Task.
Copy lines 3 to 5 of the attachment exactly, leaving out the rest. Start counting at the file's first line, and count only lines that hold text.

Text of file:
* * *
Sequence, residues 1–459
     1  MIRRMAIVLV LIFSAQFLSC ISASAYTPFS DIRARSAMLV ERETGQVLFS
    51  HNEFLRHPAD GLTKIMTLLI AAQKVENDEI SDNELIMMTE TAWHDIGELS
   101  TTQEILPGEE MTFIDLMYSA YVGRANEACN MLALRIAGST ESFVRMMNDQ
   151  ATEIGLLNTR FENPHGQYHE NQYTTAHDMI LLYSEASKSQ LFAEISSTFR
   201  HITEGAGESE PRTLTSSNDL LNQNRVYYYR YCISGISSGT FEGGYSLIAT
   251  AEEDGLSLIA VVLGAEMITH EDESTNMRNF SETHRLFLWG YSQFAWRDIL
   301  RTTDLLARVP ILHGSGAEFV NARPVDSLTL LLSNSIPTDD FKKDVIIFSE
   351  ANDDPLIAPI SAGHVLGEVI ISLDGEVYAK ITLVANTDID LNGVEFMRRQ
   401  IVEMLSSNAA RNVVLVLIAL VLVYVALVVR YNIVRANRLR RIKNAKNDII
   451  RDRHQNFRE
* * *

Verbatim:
    51  HNEFLRHPAD GLTKIMTLLI AAQKVENDEI SDNELIMMTE TAWHDIGELS
   101  TTQEILPGEE MTFIDLMYSA YVGRANEACN MLALRIAGST ESFVRMMNDQ
   151  ATEIGLLNTR FENPHGQYHE NQYTTAHDMI LLYSEASKSQ LFAEISSTFR